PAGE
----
I remember the first Christmas as a foster dad. My wife and I of course went overboard with getting too many presents for the kids in our home. Not to mention that CASA workers, agency workers, and Angel Tree folks also contributed to the pile of items under the tree. Did I say pile?! It was more like a small mountain.
I remember the kids being excited about the presents and spending the day playing with their new toys (and a good deal of time playing with the boxes). However, a few days later I noticed that the toys were not being played with, or they were being played with inappropriately, OR they simply weren’t being cared for. Actually, after a week, many of the items were broken or showing signs of distress. I remember some toys being given to other kids in order to “buy” friendships.
In our situation, our kids had simply never been shown how to care for items. Also, the frequent moving around in the foster care system made it difficult for our kids to associate any relational value to an item because our kids were never allowed much time to form deep and bonding relationships with many people. Actually, deep and meaningful relationships is what our children were needing the most at the time.
After a few Christmas seasons, we started to learn how to better meet our kids’ needs. When people asked what they could get the kids for Christmas, we asked them to not get them any toys. Instead we asked people to consider getting our children experiences. We suggested that folks get us passes to the local science museum or gift cards to the nearest zoo so that our large family could afford to eat a meal on the property. We asked people to get us gift cards to Build A Bear so that WE could make a stuffed animal together and learn about each other’s likes and dislikes as we created a stuffed animal friend.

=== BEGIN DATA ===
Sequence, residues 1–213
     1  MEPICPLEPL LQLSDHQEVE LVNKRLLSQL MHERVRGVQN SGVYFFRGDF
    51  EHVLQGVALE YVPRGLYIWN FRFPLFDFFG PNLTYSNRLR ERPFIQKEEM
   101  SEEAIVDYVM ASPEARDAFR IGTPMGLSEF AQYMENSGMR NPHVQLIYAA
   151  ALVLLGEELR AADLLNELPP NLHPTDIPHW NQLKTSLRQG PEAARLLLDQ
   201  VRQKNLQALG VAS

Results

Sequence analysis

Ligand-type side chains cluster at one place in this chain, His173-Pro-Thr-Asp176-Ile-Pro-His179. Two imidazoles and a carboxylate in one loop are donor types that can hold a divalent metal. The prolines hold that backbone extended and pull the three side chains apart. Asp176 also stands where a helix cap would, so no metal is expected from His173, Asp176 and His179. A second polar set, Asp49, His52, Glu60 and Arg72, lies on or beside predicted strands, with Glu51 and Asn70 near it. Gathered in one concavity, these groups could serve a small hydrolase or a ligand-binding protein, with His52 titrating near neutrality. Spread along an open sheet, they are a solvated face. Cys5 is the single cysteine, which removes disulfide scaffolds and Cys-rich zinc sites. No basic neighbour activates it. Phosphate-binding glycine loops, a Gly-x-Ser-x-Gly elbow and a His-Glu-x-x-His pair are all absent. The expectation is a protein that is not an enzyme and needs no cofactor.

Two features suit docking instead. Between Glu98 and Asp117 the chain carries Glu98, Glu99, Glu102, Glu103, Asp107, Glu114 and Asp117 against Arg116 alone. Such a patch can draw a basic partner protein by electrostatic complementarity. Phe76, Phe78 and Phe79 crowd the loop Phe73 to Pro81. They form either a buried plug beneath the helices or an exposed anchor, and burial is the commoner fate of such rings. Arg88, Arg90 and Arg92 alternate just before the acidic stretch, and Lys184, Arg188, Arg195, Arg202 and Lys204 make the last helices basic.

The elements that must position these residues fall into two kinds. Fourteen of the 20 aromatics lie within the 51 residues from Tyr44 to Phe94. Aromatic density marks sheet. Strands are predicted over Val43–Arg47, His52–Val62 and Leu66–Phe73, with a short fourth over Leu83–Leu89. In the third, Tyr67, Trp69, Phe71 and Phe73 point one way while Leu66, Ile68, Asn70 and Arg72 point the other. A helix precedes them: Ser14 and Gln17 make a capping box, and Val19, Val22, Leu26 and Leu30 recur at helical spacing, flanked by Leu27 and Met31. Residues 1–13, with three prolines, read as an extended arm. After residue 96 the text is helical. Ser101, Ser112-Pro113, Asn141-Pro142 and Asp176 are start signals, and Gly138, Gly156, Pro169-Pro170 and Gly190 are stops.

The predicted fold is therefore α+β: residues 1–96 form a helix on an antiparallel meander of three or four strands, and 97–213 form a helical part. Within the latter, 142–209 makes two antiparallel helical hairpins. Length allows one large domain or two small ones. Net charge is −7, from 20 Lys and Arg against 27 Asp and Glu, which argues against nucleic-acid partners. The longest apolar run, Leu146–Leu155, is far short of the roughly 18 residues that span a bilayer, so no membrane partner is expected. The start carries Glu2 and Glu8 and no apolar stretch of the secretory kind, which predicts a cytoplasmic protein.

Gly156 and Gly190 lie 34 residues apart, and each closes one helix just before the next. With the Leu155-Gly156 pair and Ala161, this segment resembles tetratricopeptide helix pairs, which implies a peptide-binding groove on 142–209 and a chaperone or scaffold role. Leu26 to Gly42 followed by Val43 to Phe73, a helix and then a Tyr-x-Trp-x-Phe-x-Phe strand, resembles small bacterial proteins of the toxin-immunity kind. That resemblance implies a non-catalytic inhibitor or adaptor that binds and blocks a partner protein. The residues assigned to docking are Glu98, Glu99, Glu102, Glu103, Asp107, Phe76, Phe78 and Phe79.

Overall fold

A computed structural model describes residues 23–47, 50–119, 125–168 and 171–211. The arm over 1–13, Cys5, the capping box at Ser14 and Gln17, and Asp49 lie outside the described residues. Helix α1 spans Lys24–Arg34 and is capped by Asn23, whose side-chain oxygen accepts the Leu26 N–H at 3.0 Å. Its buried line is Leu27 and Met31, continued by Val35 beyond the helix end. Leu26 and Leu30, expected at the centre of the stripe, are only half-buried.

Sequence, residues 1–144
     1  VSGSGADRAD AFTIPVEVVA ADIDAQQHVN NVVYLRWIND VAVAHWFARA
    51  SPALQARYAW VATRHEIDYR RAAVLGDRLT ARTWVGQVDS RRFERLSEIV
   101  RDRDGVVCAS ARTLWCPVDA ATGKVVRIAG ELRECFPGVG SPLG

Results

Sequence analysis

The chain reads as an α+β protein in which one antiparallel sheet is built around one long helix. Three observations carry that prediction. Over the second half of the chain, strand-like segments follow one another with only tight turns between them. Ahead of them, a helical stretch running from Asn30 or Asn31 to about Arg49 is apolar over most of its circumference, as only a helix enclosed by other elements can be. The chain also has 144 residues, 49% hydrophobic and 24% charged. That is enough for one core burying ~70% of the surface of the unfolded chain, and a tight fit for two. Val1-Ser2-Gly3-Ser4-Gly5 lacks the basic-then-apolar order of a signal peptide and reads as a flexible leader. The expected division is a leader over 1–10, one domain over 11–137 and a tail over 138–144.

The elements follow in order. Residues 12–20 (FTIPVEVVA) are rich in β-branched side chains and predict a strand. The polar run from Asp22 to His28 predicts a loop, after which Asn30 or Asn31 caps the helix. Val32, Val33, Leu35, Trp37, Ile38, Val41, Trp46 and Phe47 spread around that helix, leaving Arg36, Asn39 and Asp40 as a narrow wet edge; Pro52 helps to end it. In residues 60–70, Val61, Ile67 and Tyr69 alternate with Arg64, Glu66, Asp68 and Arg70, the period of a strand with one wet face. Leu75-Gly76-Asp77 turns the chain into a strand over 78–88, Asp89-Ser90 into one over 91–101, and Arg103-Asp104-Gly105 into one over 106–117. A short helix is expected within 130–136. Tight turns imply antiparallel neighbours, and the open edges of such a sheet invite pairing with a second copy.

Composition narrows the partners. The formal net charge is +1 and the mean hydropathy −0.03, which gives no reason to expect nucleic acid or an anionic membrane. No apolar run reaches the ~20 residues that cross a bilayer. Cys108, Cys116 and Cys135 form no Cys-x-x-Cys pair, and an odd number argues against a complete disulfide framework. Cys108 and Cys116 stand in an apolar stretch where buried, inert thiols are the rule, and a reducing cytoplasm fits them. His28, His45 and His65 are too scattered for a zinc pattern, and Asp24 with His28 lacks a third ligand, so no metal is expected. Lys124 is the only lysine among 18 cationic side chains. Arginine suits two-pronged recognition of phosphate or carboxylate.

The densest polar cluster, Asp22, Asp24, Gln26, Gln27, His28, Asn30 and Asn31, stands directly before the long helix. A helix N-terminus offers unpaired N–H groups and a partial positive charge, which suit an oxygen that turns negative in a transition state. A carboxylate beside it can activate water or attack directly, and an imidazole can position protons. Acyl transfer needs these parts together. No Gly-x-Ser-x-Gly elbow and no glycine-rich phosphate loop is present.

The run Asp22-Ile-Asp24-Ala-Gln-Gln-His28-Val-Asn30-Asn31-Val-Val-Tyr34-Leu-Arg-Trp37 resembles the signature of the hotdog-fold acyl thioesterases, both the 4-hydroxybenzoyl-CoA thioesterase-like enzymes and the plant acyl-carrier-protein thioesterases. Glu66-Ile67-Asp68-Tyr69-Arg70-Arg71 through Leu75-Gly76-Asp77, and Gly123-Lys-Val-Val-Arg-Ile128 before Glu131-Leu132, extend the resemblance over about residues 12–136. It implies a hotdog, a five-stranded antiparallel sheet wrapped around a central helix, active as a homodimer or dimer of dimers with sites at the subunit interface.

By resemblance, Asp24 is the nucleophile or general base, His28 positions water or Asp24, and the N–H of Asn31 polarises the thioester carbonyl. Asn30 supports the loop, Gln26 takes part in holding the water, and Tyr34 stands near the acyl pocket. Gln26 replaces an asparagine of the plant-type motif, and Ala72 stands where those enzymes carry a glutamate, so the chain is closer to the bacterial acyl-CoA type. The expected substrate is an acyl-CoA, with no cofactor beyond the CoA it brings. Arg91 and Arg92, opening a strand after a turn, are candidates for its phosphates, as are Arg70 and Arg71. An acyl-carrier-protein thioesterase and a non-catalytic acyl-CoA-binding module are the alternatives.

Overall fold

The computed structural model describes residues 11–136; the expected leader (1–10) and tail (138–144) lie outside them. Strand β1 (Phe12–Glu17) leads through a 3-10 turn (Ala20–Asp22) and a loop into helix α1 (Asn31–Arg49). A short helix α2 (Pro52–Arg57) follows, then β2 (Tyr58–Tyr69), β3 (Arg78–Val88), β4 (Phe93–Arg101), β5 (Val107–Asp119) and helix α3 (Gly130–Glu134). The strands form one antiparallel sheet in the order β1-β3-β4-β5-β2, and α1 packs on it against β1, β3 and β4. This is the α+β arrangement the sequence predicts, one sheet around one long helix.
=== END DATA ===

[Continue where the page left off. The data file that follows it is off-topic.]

Our family believes that movies and books can help people bond and connect. Thus, we often asked folks for movie gift cards because it’s expensive to take a family of six or eight to the theater. Gift cards can make it possible to let your kids have a “normal” experience that other kids at school are getting to have AND the story that you experience in the theater opens up healthy dialogues for your family to have about past trauma or current issues. Since my wife and I have experience writing curriculum, it was natural for us to use movies as a shared experience. I will say that the movie reviewers at Transfiguring Adoption do a great job creating discussion/bonding guides for current movies and highlighting trauma triggers so that you can have some of the great bonding moments that our family experienced at the movie theater. I am a bit biased when I say you should join the [Media Review Service] BUT I have witnessed myself observing these reviewers creating a magical moments for families. Definitely, [check it out] if you want help turning movie time into a healthy experience.
Did our kids like getting fewer toys? Our kids have never felt cheated. While kids at school might have the latest video games or a new iPhone, our kids have been able to take trips to many locations and learn how to care for people in a family, be sad within a family, ask for help, be disappointed, and have fun. It’s not about “Keeping up with the Joneses.” It’s knowing what your children need and adjusting accordingly.
What does your family have fun experiencing together?
Thanks for all you do,